Real Estate Investing Forums

Real Estate Investing => Financing, Hard Money Lenders, Private Money => Topic started by: realnew on December 04, 2006, 12:44:39 pm

Title: 100 seller financing?
Post by: realnew on December 04, 2006, 12:44:39 pm
What' s the likely hood?  And if so, what would be a good interest rate to propose?

Thanks everyone.
Title: Re:100 seller financing?
Post by: Iron Range on December 04, 2006, 06:03:33 pm
I've never done seller financing, but I have discussed it with a dozen or so sellers who were willing to do it. The sellers I've run accross never seemed real concerned with the interest rate, they seem to be more concerned with the length of the loan.  

I think the biggest problem is that sellers don't want to finance more than 5 years, typically 3 or less years amortized over 30 years don't let them tell you amortized over 15 years. This gives you enough time to build equity and refinance. If your financing for less then five years then I wouldn't go crazy and offer a high rate.  But the deal killer with seller financing seems to be the length of time, and not so much the interest rate.

With 100% seller financing there typically can't be realtors involved.

Hope that helped
Title: Re:100 seller financing?
Post by: realnew on December 04, 2006, 09:03:27 pm
Thanks, Iron, yes it is a big help.  The house I'm interested in is on the MLS, so an agent is already involved.  So I guess that's ruled out.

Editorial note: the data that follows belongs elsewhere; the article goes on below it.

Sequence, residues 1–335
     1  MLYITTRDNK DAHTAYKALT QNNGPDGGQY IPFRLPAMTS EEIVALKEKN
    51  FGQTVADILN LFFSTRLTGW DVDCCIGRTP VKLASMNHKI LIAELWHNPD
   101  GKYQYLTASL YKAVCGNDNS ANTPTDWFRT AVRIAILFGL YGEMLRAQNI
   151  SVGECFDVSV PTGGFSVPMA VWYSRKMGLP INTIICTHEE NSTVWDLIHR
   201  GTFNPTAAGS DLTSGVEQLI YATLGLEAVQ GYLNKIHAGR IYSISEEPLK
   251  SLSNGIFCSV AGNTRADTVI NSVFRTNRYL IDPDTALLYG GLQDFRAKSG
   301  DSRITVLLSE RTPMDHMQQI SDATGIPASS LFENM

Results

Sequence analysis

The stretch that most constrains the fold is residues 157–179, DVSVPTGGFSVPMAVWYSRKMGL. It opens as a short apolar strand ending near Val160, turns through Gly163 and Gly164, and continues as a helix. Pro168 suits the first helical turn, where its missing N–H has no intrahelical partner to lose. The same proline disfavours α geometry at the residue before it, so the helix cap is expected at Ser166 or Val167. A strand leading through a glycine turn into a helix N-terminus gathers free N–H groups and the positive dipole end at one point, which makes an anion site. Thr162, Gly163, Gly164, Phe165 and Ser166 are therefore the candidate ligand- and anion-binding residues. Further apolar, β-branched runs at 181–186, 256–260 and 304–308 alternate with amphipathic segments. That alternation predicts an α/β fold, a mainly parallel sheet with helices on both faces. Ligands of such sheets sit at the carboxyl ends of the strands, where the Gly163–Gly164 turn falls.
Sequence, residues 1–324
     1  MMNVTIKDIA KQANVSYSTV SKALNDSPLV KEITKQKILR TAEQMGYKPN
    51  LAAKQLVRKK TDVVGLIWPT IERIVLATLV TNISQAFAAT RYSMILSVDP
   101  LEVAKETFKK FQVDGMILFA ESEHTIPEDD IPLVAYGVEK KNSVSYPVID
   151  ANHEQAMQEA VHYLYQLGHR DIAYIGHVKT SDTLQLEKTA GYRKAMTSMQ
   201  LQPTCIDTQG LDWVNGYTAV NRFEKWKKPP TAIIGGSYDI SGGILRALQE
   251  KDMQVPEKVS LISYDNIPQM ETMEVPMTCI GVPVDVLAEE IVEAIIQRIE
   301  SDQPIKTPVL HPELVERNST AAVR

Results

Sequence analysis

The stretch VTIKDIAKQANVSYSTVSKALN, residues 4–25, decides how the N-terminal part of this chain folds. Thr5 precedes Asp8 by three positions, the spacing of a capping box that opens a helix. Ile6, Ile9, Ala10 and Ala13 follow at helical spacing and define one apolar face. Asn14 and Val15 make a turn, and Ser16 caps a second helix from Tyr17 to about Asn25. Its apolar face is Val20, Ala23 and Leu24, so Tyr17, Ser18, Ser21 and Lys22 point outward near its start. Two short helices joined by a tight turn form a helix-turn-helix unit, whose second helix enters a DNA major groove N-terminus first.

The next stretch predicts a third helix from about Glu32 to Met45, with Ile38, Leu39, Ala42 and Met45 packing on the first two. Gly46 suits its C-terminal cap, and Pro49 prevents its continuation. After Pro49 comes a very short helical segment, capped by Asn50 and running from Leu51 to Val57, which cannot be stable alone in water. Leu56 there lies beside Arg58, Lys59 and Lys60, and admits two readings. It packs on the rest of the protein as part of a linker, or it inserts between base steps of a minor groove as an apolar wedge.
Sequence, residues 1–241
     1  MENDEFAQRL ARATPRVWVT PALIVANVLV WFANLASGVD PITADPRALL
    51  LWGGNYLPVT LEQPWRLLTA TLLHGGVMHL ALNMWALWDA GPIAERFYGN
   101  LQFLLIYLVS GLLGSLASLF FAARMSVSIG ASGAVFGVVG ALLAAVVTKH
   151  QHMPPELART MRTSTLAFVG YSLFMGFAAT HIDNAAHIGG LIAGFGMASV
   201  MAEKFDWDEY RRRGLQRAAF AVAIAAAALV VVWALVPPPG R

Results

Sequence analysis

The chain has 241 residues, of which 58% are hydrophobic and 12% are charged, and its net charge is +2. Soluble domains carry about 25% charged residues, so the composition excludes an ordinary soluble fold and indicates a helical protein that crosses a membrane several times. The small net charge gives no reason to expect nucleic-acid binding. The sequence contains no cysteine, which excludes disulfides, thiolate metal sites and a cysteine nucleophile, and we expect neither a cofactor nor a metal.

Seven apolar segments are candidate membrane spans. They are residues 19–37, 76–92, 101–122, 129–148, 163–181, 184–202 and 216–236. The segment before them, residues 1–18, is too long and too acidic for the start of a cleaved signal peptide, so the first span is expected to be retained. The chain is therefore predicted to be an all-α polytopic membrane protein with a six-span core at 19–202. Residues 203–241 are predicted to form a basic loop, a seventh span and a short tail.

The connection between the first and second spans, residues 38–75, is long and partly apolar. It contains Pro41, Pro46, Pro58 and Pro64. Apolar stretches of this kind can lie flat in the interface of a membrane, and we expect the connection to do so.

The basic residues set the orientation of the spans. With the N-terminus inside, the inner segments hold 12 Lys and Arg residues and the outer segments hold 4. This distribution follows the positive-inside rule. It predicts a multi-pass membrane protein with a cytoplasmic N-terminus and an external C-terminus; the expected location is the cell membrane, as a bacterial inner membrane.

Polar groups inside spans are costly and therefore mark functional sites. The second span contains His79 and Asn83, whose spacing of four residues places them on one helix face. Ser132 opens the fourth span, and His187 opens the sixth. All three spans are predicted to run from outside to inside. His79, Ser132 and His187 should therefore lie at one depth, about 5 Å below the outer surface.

If I understand you correctly, I would be entering an agreement to pay off the loan in 5 years, based on payments over 30 years... payoff being refi or some other financing in place.

Thank you very much, helpful information.
Title: Re:100 seller financing?
Post by: 71tr on December 05, 2006, 08:15:01 am
Seller financing is a great tool if available.  Basically you are cutting out the middleman (the bank).  The buyer/borrower might pay a bit more interest rate but generally avoids the bulk of closing costs while the seller gets a market rate of return on their equity.  I have used seller financing and as stated the greatest obstacle is not the interest rate but the time period their funds will be tied up in the note on the property.  Negotiating a balloon mortgage of say 5-10 years with a 30 year amortization works well and is easily refinanced when the time comes.  As for realtors being excluded from 100% seller financing deals I have never heard this.  The realtor is there to get the house sold, not primarily as a financing tool.  Does the seller own the property free and clear?  If yes tell the realtor that you want to make an offer contingent upon seller financing.  Give them terms that they will find attractive, rate, term, price etc.  Another benefit, time to close can be shortened since no bank is involved.  The seller gets to convert their non-earning equity into a market return note just like that.